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Keizo Suzuki, Hideo Araki, Yusaku Komoike, Koji Takeuchi
Med Sci Monit 2000; 6(5): CR908-914
Background: We examined the possible role of neutrophils in the pathogenesis of indomethacin-induced gastric lesions, in comparison with prostaglandin (PG) deficiency.
Material/Methods: Rats were given indomethacin (35 mg/kg, s.c.) and killed 4 hr later. Gastric motility, mucosal PGE2 levels, and myeloperoxidase (MPO) activity were measured following indomethacin. Atropine was given s.c. 30 min before administration of indomethacin, while 16, 16-dimethyl PGE2 (dmPGE2) or anti-rat neutrophil antiserum (ANS) was given i.v. 10 min or 1 hr, respectively, before indomethacin treatment.
Results: Indomethacin reduced PGE2 contents in the stomach and produced hemorrhagic lesions in the stomach, with an increase of gastric motility and MPO activity. Indomethacin-induced gastric lesions were significantly prevented by dmPGE2 as well as atropine, at any time points during a 4 hr-test period. By contrast, the pretreatment of ANS did not prevent the development of gastric lesions when examined at either 1, 2 or 3 hr following indomethacin, but significantly reduced the severity of these lesions at 4 hr after indomethacin treatment. Both dmPGE2 and atropine inhibited the increase of gastric motility and MPO activity in response to indomethacin, whereas ANS prevented the increase of MPO activity, without any effect on the gastric hypermotility.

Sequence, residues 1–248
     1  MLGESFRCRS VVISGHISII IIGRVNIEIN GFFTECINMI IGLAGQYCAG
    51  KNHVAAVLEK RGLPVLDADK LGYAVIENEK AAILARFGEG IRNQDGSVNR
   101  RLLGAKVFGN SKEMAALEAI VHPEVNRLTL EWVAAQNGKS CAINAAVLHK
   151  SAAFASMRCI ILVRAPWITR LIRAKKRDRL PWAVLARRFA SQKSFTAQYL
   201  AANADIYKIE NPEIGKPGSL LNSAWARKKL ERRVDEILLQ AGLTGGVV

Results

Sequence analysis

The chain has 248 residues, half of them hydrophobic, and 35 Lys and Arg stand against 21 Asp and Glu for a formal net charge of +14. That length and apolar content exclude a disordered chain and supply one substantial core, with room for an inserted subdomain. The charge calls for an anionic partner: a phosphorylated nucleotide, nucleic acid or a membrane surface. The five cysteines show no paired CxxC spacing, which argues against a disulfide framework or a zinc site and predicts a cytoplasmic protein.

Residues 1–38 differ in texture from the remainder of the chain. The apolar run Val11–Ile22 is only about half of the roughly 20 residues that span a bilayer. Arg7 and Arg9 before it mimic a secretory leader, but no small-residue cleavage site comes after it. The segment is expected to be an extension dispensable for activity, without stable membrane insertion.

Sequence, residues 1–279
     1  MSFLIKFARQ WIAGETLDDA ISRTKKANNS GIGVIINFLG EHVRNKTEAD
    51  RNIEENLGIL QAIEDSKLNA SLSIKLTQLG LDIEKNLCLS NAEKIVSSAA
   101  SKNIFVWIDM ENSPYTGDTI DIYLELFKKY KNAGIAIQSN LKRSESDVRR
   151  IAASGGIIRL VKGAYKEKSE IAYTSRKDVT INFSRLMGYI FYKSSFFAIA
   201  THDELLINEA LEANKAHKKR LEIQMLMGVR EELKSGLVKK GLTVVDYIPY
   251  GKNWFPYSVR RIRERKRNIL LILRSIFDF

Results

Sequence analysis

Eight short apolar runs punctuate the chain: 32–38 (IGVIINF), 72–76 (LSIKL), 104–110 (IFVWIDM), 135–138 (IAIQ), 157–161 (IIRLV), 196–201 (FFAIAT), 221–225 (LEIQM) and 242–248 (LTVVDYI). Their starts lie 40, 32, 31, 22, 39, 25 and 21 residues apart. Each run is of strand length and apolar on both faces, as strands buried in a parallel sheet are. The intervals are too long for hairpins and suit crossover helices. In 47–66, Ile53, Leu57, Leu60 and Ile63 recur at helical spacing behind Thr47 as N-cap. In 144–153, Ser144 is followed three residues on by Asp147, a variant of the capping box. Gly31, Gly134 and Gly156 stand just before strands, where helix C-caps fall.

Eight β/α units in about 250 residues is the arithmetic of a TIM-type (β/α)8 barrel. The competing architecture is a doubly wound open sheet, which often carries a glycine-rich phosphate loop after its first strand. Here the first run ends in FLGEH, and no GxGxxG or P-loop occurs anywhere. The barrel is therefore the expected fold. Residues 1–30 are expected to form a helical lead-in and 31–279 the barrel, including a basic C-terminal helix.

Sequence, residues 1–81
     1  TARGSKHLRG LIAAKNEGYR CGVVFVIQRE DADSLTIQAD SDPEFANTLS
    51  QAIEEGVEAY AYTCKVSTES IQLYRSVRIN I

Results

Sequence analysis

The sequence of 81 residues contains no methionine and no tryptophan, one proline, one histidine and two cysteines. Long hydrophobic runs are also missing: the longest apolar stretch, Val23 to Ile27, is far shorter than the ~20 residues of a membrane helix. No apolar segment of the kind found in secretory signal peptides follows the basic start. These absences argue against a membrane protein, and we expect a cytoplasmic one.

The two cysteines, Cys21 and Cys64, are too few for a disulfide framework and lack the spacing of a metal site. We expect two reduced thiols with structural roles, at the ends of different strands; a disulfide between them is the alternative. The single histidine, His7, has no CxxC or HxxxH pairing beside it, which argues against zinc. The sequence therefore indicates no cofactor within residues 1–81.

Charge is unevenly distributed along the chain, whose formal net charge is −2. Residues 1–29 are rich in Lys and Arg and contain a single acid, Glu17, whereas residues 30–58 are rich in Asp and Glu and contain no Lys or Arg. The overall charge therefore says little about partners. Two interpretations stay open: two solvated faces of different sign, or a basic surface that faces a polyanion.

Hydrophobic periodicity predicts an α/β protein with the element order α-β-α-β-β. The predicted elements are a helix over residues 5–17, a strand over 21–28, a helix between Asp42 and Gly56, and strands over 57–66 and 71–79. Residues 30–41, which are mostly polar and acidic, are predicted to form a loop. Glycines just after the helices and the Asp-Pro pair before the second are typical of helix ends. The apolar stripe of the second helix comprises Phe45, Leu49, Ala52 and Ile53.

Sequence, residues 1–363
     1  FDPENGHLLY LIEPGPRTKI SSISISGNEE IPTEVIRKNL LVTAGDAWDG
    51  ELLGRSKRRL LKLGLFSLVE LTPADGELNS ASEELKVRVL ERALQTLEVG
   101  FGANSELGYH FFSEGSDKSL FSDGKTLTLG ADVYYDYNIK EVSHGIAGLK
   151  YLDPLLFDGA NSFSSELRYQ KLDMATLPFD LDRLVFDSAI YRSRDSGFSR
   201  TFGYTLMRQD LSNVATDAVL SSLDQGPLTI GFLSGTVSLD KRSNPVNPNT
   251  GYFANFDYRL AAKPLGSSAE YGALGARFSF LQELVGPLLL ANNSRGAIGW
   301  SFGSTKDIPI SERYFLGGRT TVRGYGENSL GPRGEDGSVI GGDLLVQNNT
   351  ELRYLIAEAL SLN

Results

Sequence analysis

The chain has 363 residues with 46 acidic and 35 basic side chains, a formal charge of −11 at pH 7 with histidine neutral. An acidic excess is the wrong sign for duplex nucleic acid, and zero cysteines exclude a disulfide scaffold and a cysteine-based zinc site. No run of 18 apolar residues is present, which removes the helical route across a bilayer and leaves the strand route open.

Conclusions: These results confirmed that indomethacin-induced gastric lesions occurred in association with gastric hypermotility, in both atropine and PG-sensitive manners, and further suggest that the neutrophil activation/migration is not sufficient by itself to induce damage in the stomach and may be implicated in the process of later extension of damage.